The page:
Third, foreign affairs during Abe’s tenure. Abe was known as a conservative and a right-wing Japanese nationalist who aimed to change the country’s defence policies and amend the post-war constitution. The latter was heavily criticized by China who condemned the Imperialist era of Japan in the pre-war period. Abe was successful in bridging the gap between the neighbouring countries by meeting the Chinese President Xi Jinping at numerous occasions and discussing the challenges in bilateral issues. Abe maintained a close relationship with the US, further antagonizing the Chinese. Despite the hostility, Abe was firm on Japan’s control over the disputed Senkaku/ Diaoyu islands pushed for constitutional reforms to revive Japan’s defence until the end of his tenure. He pushed for a stronger defence in the Indo-Pacific region and pitched the idea of the “Quadrilateral Security Dialogue”, now known as Quad, in 2007.
Fourth, gun-related violence in Japan. The gun laws in Japan are extremely strict and the individuals are required to pass a written test, psychiatric evaluation, drug test, criminal background check and a gun skills competency test. The guns per capita in Japan is 0.6 per cent while in the US is at 88.8 per cent. The use of ammunitions is entirely controlled by the government and it is highly rare to have gun-related violence in the country.
What does it mean?
The assassination of former Prime Minister Shinzo Abe comes as a shock because of the non-violent and practically rare gun related violence in the country. He was an asset to Japan who led the country during challenging political and economic times. His contributions to the economic revival have played a key role in Japan’s status and stature in the international order in the present times. He foresaw the threats of militarization in the region and rallied support to maintain a free and open Indo-Pacific. Abe efficiently managed Japan’s foreign relations between the US and China at a time when there was growing hostility and trade wars between the global superpowers. Abe’s assassination is an unfortunate event in the history of Japan.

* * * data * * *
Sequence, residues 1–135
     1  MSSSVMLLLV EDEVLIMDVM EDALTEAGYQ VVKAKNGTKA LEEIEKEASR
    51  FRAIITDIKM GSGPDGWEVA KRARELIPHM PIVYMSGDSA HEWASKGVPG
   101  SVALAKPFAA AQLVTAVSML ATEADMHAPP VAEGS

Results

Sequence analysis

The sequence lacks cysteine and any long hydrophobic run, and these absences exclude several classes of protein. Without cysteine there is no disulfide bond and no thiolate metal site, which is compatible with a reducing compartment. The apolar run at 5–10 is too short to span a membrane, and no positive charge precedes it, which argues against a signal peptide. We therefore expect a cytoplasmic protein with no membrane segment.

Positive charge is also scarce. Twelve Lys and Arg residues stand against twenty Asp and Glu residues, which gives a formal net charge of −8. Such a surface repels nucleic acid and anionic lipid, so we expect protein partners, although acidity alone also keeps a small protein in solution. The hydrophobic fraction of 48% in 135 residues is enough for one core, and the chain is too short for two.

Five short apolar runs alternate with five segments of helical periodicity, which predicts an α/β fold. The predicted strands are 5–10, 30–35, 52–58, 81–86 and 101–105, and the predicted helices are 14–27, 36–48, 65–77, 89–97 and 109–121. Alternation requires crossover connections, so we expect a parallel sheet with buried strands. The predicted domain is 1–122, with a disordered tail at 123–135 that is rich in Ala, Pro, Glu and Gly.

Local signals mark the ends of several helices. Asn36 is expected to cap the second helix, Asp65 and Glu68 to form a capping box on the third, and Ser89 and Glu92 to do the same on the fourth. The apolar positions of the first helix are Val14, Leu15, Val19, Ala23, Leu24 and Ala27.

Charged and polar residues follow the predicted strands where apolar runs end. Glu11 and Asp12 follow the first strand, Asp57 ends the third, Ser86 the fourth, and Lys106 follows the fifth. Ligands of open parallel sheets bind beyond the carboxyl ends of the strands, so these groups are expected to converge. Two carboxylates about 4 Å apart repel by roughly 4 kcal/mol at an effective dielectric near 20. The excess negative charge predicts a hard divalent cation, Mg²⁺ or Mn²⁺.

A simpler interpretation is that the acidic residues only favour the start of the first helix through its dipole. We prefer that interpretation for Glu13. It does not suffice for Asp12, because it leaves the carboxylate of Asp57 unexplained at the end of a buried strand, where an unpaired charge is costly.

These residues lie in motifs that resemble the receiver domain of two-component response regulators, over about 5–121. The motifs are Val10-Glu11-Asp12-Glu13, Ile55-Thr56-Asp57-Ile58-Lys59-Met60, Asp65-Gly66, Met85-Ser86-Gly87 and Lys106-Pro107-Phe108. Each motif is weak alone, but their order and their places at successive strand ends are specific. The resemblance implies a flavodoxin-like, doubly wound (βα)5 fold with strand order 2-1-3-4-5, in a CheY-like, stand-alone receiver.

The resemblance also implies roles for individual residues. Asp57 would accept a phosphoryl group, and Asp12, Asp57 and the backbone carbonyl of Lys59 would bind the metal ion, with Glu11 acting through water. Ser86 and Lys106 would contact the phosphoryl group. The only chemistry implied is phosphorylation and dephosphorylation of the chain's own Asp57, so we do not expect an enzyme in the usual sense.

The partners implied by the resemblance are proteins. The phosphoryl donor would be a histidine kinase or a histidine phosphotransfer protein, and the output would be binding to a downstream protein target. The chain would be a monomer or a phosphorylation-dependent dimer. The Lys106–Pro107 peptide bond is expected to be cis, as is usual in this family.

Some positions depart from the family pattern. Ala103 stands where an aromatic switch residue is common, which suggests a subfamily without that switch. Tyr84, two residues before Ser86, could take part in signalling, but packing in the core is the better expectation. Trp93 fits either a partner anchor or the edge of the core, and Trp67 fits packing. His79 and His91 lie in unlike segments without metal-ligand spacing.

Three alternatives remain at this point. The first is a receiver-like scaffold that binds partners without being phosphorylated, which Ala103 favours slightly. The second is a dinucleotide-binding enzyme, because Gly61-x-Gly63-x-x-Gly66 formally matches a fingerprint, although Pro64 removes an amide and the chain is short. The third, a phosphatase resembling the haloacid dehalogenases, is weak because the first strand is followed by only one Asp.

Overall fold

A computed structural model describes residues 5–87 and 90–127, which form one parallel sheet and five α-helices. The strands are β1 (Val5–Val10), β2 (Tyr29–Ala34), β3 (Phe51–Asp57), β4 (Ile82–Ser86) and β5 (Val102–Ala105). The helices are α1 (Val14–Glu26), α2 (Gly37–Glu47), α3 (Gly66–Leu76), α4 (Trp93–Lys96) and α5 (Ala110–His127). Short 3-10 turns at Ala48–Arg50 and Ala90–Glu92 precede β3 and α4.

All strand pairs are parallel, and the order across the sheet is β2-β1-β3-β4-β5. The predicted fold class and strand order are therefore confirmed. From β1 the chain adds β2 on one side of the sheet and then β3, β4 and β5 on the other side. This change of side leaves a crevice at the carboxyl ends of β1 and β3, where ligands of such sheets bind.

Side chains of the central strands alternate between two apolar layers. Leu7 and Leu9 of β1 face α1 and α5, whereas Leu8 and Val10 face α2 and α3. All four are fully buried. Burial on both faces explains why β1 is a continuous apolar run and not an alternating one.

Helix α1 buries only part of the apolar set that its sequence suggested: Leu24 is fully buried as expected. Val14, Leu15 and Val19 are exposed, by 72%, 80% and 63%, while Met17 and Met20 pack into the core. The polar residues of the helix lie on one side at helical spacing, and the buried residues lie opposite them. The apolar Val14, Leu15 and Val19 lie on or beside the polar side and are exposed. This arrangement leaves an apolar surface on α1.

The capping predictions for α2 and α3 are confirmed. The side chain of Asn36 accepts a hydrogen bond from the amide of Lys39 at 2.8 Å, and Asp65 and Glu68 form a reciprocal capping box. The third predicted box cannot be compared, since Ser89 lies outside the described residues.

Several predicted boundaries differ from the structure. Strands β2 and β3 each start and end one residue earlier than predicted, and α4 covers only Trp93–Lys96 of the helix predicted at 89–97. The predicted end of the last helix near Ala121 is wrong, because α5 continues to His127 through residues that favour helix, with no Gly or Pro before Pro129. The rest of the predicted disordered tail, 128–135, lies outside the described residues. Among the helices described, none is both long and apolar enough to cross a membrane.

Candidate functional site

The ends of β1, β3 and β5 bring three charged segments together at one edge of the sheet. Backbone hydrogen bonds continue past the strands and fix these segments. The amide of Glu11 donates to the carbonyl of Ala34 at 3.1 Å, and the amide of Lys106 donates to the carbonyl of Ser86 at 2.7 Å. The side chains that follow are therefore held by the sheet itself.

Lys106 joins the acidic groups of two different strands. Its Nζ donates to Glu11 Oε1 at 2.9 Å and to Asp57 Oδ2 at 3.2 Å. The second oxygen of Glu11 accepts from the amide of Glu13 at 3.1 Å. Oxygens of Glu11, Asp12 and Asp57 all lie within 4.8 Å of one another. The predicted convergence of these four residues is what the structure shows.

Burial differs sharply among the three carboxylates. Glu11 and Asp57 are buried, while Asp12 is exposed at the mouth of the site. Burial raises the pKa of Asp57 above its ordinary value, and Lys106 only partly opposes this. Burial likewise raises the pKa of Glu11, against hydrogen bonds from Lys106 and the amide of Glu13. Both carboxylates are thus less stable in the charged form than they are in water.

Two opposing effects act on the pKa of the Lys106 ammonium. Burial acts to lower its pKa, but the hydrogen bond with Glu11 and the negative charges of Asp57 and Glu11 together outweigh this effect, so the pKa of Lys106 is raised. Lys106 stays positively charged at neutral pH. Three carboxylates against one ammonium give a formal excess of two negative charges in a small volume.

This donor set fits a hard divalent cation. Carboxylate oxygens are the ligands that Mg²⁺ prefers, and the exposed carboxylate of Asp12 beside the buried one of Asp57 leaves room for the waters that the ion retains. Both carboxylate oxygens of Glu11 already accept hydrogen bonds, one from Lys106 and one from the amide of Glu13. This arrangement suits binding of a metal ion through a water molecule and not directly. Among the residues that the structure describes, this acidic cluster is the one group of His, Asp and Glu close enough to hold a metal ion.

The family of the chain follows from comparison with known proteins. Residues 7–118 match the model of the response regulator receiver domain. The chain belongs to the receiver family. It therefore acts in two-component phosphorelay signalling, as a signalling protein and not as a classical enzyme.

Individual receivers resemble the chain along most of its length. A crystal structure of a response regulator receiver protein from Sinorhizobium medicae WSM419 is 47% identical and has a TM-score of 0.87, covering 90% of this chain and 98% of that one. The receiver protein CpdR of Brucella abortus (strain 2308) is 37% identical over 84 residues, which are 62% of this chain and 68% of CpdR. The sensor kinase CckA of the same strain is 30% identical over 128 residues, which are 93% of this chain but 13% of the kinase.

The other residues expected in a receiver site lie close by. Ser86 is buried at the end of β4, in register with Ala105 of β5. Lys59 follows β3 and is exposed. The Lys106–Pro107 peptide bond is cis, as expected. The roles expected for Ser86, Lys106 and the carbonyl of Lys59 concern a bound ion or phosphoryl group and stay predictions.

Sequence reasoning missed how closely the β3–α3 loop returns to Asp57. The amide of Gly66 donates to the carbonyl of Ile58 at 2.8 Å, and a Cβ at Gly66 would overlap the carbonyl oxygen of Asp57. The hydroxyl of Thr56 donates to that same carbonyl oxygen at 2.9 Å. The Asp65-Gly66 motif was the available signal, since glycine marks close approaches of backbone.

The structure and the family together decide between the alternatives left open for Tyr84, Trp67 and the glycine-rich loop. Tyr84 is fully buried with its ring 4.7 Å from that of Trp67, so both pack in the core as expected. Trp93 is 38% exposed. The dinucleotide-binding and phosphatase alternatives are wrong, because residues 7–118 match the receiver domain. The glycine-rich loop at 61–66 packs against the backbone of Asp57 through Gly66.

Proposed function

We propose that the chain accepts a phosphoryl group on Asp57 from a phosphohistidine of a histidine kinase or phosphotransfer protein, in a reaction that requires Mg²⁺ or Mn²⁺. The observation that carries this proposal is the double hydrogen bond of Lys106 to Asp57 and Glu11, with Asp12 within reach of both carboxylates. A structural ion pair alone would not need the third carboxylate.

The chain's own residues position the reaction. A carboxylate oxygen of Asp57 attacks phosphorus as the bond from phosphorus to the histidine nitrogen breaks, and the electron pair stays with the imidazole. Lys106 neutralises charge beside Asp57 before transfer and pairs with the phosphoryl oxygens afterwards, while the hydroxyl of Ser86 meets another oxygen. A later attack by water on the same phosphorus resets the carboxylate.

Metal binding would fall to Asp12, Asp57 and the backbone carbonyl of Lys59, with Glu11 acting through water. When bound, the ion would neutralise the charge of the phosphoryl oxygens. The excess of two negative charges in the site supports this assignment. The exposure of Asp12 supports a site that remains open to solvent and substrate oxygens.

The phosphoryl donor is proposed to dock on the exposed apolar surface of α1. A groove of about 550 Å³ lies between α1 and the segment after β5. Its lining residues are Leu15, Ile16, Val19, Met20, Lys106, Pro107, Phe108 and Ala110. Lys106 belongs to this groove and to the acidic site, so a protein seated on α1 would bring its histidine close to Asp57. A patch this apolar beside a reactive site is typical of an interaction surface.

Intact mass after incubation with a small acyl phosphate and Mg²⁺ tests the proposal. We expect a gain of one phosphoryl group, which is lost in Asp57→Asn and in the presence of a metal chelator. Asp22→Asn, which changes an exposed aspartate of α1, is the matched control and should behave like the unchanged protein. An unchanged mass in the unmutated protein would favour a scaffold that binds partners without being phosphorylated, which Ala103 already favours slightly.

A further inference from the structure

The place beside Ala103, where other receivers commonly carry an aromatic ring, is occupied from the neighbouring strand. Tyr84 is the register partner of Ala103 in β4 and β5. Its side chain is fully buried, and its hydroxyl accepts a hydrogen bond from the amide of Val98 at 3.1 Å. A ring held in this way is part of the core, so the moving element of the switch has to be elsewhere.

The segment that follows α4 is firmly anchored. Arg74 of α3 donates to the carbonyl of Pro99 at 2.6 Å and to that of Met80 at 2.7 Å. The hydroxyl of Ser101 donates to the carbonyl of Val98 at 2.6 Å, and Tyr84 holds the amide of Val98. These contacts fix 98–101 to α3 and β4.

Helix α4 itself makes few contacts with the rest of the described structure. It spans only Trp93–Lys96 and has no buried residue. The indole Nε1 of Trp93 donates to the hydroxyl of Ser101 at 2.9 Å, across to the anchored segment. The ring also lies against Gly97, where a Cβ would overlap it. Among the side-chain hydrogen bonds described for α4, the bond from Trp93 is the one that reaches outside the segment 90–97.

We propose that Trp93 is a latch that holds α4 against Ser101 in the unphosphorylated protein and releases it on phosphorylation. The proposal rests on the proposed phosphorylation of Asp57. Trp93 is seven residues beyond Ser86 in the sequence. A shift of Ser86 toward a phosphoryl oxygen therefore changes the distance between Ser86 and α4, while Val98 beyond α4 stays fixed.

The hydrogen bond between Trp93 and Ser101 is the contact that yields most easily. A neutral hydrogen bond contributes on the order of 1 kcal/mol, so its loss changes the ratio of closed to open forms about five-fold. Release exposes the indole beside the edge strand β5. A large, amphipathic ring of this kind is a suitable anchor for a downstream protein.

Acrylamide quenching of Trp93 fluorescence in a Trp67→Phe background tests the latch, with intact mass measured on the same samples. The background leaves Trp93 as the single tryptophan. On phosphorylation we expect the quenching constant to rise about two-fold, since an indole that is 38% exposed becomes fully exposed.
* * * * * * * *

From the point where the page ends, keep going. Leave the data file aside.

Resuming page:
TWTW Special Note
China and the G20 Foreign Ministers’ Meeting in Bali, Indonesia
On 7 July, Indonesia hosted the Group of 20 (G20) foreign ministers’ meeting in Bali.
China and Russia at G20
On 7 July, China’s Foreign Minister Wang Yi met with Russian Foreign Minister Sergei Lavrov and noted that the countries had overcome obstacles and maintained normality in exchanges while pushing for cooperation in various fields. Wang said that the continuation of healthy ties portrayed the resilient relations between China and Russia. Wang referred to the challenges in the world order and said: “Facing the realities of the current international politics, will countries choose to pursue power politics and hegemony, or promote a multi-polar world? Wang asked. Will they truly uphold the international order with the UN at its core or follow the rules made by a handful of countries according to their standards?”
The Russian narrative sees the G20 summit as a farce. Sergey Lavrov, the Russian Foreign Minister, left the meeting before the end, and the US counterpart was seen delivering insults. The G20 is seen as something that achieved no results on issues vital to today's world. The conflict between Russia and the West has dampened the spirits of the meeting. Russian experts say that the organisation that helped overcome the 2008 financial crisis will not be able to address the energy and food challenges that the world currently faces.
Global Food Security